As we slid up Muskeget Channel between Nantucket and Martha's Vineyard, the big 12-cylinder MANs on Wayne Whippen's new Viking 55, Tightline, sounded like they were loafing, even though the GPS indicated 33 knots. The boat plunged forward into the first big sea, blasting white water off each side of the bow. The next wave was considerably bigger, and what lay ahead was not pretty.
It was the third day of the Pete Guild Nantucket Billfish Tournament, and so far the event had been plagued by bad weather. Just about everybody stayed at the dock on day one due to heavy seas, and many didn't go on day two, either. At the start of day three the wind had picked up again. We couldn't spend the whole tournament tied up at the dock, so Wayne made the call to head for Veatch Canyon.
Now Veatch lay over 80 miles from the dock, but I knew we were going - no matter what. There wasn't any question that the boat could take the seas, but it wasn't going to be a joy ride.
These were just plain big seas, and even a 55-foot Viking wasn't going to run 33 knots into them. Yet by easing back to about 22 knots we were able to steam south in surprising comfort. This was due in part to the wider chines Viking has added to the hull, which makes the new 55 a great deal drier than some of the older models. One thing that hit me as we hobby-horsed offshore was the absence of drifting spray - what boatbuilders call the "station wagon" effect - on the bridge and in the cockpit. To eliminate spray, Viking designed the deckhouse to taper inward, creating a vacuum behind the boat while under way. This vacuum sucks in spray and casts it astern, leaving the bridge and cockpit incredibly dry.
Another reason for the smooth ride was the new hull's sharper raked entry, which knifes through steep seas. To add stability, the hull's deadrise works its way back to 15.5 degrees at the stern. Viking also molds in a planing surface aft, well below the water line, that's designed to provide lift, thereby decreasing drag and increasing speed and fuel-efficiency. It also pops the boat out of the hole at lower speeds.
As we made our way south, the seas spread out and Wayne was able to push the throttles forward a bit. By the time we reached 100 fathoms we were doing 27 knots.
We had made excellent time, yet I was having doubts about being able to fish in these conditions. However, my concerns were quickly put to rest as we slowed to trolling speed. The 55 settled in like a duck and the games began.
As we bent to the task of rigging lines, I began to appreciate the 55's spacious cockpit. With 153 square feet of working room, it was easy for everyone to move around without getting in one another's way. I found the tagging sticks and gaffs hidden in three-inch tubes under the gunwales on both sides of the cockpit. The handles went first, and neat cut-outs for the gaff hooks were molded into the forward bulkhead.
This cockpit is as well thought out as any I've fished. The in-deck fishbox is refrigerated, and can be used as a freezer for transporting bait and frozen goods. It is flanked on each side by two more large boxes. On the Tightline, one box serves as a live well, while the other is constantly replenished with fresh crushed ice from the onboard icemaker.
I discovered other little niceties, such as the switches for the washdowns and live wells, which are conveniently mounted on the inside of the engine-room access hatch - not on some big, confusing panel in the salon. And speaking of the salon, the pneumatic door leading inside can be opened by stepping on a small button on the salon step. Once inside, another button closes the door. The step itself conceals a refrigerated drink box, and another refrigerated box is located on the bridge.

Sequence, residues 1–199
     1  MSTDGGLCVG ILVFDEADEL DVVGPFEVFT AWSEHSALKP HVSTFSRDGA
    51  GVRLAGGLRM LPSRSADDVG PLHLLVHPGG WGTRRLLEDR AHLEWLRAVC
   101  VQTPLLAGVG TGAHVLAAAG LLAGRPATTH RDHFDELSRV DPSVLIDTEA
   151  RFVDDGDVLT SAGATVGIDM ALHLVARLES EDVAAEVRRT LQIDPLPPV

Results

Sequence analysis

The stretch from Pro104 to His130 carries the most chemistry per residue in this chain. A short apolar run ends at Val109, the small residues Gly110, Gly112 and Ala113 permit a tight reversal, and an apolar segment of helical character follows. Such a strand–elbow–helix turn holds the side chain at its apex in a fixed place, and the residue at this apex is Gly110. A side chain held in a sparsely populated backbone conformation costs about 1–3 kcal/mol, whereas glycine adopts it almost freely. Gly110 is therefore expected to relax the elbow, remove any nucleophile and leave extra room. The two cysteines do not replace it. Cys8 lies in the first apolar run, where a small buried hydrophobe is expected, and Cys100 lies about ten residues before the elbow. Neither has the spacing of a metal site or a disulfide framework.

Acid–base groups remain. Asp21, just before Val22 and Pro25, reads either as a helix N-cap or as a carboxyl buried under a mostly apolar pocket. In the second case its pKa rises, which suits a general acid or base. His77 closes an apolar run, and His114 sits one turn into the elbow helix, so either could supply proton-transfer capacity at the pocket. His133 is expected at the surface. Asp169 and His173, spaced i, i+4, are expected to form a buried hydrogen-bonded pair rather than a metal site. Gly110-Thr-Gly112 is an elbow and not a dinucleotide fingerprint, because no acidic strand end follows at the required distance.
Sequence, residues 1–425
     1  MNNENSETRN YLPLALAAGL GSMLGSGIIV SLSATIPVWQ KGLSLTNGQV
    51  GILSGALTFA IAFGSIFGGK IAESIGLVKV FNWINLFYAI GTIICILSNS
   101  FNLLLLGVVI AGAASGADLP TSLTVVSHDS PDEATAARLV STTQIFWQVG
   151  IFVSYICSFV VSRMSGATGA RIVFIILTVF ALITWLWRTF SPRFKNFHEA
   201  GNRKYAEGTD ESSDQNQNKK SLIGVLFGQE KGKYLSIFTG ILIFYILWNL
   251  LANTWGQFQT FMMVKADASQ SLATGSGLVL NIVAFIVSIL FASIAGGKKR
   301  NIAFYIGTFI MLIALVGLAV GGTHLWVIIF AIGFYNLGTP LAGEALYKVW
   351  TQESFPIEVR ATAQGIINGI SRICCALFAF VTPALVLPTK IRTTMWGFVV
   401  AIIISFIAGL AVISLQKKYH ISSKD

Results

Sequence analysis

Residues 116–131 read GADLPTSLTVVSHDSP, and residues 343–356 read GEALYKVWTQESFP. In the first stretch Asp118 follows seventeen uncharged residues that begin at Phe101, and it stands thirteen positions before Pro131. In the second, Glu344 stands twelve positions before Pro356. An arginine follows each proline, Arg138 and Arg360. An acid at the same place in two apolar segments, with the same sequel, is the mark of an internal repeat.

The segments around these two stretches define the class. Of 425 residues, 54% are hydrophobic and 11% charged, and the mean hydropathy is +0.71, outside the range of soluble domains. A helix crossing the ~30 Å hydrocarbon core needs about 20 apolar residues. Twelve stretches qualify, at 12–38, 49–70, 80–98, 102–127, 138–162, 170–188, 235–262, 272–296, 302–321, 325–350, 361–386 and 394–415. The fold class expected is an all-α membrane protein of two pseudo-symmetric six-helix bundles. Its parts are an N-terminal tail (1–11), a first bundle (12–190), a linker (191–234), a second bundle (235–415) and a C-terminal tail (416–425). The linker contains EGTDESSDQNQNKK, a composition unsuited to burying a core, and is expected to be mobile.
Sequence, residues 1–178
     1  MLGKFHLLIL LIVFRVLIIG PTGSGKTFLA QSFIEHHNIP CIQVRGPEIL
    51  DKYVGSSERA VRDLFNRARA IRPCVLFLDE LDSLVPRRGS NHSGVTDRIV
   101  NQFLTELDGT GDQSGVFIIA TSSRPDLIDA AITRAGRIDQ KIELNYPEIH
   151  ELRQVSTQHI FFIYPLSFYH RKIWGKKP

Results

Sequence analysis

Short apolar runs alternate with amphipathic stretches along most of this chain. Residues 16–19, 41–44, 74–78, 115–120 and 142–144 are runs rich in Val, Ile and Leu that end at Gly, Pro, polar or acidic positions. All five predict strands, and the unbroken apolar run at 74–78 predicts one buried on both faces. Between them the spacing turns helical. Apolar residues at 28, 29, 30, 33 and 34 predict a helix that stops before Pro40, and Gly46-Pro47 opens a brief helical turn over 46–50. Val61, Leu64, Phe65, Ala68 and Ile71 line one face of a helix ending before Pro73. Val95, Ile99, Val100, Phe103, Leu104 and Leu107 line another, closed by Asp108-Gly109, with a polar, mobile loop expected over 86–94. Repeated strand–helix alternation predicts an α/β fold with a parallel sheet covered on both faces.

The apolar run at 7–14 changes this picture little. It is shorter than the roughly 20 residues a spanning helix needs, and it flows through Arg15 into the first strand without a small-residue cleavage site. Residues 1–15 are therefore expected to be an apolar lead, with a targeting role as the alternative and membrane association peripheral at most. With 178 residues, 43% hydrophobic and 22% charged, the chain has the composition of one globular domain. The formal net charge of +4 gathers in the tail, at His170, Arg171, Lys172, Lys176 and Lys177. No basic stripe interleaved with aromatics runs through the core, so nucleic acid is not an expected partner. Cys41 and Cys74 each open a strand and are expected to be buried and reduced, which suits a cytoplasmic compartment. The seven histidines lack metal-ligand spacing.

The day boxes in the cockpit contain the main freezer, rigging station with sink, and tackle storage, but are a little higher and wider than the boxes in most standard cockpits. Their wide, cushioned tops make them ideal spots from which to watch the baits or grab a nap. The final bit of genius in this huge cockpit is the narrow transom, which tapers quickly at the stern, making it easy to back down and allowing for a straight-stanchion fighting chair.
I got a chance to test the boat's fishability firsthand when one of the 'rigger lines went down and we had to back into the steep seas to chase a yellowfin tuna. The short delay on the electronic single-lever controls threw me for a minute, but soon we were backing upsea, zigzagging left and right. The crew got a little wet, but we got the tuna.
By the end of the day the wind was still stiff, so we retreated to the comfortable salon for the long ride home. The huge salon and galley are up, and the three staterooms and two heads below are spacious and comfortable. The hanging locker in the crew's quarters is so large that Wayne used it to mount his 130s vertically. The spacious bridge lockers are large enough to easily accommodate other rods on the boat.
When it comes to fishing boats, Wayne is no stranger. Over the years he has owned many fine boats, so I was curious to hear his opinion of the new 55. His answer was simple. "This is the friendliest boat I've ever owned," he said, and pointed out how much thought and planning were evident in its design.
Of course, such attention to detail has long been a Viking hallmark, and it starts with hull design. While it's true that computers have brought boat design a long way, boatbuilding is still more of an art than a science. The Healey family, who own and run Viking, have spent a great deal of time developing that art. Since Viking introduced the 55 in 1997, they have built over 85 of them, and the orders keep rolling in.
If you are in the market for a boat of this size, a ride on the Viking 55 is a must. It represents one of the industry's major success stories, and is a high-quality fishing machine that'll be riding the seas for many years to come.
Viking, New Gretna, NJ; (609) 296-6000; www.vikingyachts.com